I like reading old newspapers. At times I have found tidbits that have helped fill in the gaps of my family history research. The social columns weren’t just for the wealthy. Each week, there would often be reports of who was on the sick list, who visited whom, as well as any social gatherings in the community. I think there were “reporters” who told the newspaper of the local events in the smaller communities the paper served. My Grandmother told me that the newspaper would call folks to see if they had any news. Now that many old newspapers have been digitized and indexed, finding the information is a lot easier than it was in the past, when it required a trip to the library in whatever community I was researching in order to browse through microfilm copies of the papers. I have used Newspaperarchive.com for much of my Indiana newspaper research as it has the papers from Morgan and Hamilton Counties which correspond to the areas where Dad’s ancestors lived. I recently started a subscription to Newspapers.com as well. They were having a special offer & I was curious to see if their collection could give me any additional information on both Maternal and Paternal ancestors.
Of course, as I do with any new data collection, I plugged an ancestor’s name into the search box to see what they came up with. In this case, I searched for my GGG Grandfather, Clark Millikan (1824-1926).
One result was the following article dated Friday, September 29, 1899, from the Marshall County Independent, published in Plymouth, Indiana:
“Afflicted with Black Diptheria—Westfield, Ind.–About two weeks ago Clark Millikan’s family returned home from the west, and on Sunday last one of the daughters 14 years old, took sick and died. Others of the family are reportedly dangerously ill with the same disease, which is said to be black diphtheria of the most malignant type. The people in that section are greatly alarmed. Every precaution is being taken to prevent a spread of the disease.”
Diphtheria–caused by a bacteria & spread by respiratory droplets. An infected person would be contagious for 2-3 weeks. The disease is noted for the formation of a thick grey (or black) coating over nasal tissues, tonsils and throat which then caused breathing difficulty. Also, toxins released by the bacteria could affect the heart. From what I found, there were some treatments available for the disease in the mid 1890’s but it wasn’t until the mid 1920’s that the development and use of vaccinations helped decrease the prevalence of the disease.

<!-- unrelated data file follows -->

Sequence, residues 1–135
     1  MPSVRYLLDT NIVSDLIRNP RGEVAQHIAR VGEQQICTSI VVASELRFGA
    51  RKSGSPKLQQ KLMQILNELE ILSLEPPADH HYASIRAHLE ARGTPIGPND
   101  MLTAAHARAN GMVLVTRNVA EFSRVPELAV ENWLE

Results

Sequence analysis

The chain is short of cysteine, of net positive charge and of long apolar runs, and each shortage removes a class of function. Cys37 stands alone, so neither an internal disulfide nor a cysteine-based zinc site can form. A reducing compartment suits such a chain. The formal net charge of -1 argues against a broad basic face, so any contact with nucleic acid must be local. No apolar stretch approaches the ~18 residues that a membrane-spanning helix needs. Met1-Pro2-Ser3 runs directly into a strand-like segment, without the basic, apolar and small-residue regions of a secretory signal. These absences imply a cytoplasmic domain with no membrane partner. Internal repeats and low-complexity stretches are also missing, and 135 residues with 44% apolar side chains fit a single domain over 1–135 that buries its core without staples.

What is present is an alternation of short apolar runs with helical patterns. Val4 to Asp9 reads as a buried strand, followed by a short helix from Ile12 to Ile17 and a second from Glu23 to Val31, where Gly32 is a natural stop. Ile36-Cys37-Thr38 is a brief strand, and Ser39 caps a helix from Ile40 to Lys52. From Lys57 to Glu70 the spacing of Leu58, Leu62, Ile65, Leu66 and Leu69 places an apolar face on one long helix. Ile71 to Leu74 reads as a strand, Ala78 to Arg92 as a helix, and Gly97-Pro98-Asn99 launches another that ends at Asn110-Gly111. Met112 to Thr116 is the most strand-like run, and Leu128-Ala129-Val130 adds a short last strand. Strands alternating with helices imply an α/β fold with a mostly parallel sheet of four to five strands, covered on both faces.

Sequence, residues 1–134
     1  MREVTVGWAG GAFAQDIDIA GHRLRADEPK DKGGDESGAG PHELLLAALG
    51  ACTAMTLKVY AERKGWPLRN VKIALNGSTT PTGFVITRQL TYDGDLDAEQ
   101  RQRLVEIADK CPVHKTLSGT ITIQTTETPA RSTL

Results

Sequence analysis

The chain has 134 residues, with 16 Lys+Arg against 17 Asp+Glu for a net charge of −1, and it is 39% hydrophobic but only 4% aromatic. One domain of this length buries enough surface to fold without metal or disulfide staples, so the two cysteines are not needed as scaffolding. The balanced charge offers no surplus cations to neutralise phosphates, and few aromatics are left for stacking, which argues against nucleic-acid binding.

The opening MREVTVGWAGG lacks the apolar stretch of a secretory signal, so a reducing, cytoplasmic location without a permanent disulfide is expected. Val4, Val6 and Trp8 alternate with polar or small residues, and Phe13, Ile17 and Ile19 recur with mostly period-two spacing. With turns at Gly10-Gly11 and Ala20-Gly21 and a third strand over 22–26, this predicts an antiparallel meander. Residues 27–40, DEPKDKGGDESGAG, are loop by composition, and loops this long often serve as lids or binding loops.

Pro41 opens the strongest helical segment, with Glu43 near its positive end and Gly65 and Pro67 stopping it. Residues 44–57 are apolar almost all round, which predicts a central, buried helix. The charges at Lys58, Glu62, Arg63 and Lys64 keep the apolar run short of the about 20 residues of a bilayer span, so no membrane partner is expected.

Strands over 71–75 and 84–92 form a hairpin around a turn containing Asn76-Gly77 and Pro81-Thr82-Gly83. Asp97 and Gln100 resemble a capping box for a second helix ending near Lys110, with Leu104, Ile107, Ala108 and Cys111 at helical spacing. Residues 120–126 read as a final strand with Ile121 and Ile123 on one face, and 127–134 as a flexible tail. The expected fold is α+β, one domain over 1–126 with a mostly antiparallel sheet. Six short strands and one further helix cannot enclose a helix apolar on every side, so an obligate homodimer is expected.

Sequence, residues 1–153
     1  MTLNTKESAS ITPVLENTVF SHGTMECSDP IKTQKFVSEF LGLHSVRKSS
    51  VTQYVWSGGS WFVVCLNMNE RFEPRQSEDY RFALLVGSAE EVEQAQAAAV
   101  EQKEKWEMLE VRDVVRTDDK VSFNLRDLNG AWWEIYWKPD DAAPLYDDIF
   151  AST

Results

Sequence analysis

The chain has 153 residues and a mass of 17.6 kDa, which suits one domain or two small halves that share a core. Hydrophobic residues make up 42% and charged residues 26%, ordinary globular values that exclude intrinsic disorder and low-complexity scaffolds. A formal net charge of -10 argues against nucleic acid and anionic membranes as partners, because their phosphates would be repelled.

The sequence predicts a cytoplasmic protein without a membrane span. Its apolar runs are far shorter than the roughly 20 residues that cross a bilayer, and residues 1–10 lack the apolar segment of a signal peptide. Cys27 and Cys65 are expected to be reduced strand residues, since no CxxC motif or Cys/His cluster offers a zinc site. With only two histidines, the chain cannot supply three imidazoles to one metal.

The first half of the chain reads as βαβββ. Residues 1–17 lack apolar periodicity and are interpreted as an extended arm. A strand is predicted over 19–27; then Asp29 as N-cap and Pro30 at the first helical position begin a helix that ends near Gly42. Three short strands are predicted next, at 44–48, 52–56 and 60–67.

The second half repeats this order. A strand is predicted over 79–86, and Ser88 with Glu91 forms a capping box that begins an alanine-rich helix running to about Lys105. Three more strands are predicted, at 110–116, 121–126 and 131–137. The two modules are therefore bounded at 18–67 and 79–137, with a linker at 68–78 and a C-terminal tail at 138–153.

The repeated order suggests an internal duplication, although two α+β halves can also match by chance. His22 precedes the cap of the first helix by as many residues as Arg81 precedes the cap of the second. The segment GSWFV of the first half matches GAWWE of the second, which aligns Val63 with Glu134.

So who was the 14 year old girl who died? I remembered a visit my folks and I made to a relative’s home. She had information on another branch of Clark Millikan’s descendants. Clark was married to Lydia Hinshaw (1833-1917). Their daughter, Alice (1864-1926), married Owen Dudley Cox (1861-1894). They had 2 daughters, Estella and Carrie. The lady we visited was Carrie’s daughter-in-law. She showed us the Cox family Bible.
Inside was a family photo of Estella, Owen, Carrie and Alice. Owen died when the girls were young, Estella was 8 and Carrie was 6.
Another item in the Bible was an obituary. I don’t know what newspaper it came from.
My assumption is that Estella Cox was the girl mentioned in the first article. Her obit. states that she contracted the disease from the children of Clark Stout who was her Uncle. He was married to another one of Clark Millikan’s daughters, Anna (1869-1945). The little children would have been Lester (5 yrs old) and LaRue (3 yrs old). Even though the first article mentions a trip “West” and the obit mentions a trip to North Carolina, I don’t think it matters where they had visited. Regardless, the dreaded Diphtheria came back with them.
One more thing about Estella Cox. She doesn’t show up in the US Census records. She was born after the 1880 US Census and died before the 1900 US Census. (The 1890 Census records were destroyed.) So only looking at US Census records, we wouldn’t even know she existed. Other records would have to be used to help prove the family connections.
She is listed in a couple of Quaker Meeting records from Eagle Creek Monthly Meeting in Hamilton County, Indiana.
First, the family was accepted into membership in 1893:
Then, after Owen’s death, Alice and her children moved to Lamong Monthly Meeting. They were living with Alice’s father, Clark:
The Cox family lived with their share of sorrow, with the loss of Owen and Estella. It’s also sad to think that the family members who traveled, probably to visit other relatives, never expected to return from their trip with a disease that infected their cousin and caused her death. I can’t imagine how the family coped with that. Alice lived with her father the rest of her life. Carrie, who was 11 years old when she lost her sister, eventually trained to be a nurse.
© MJM 2017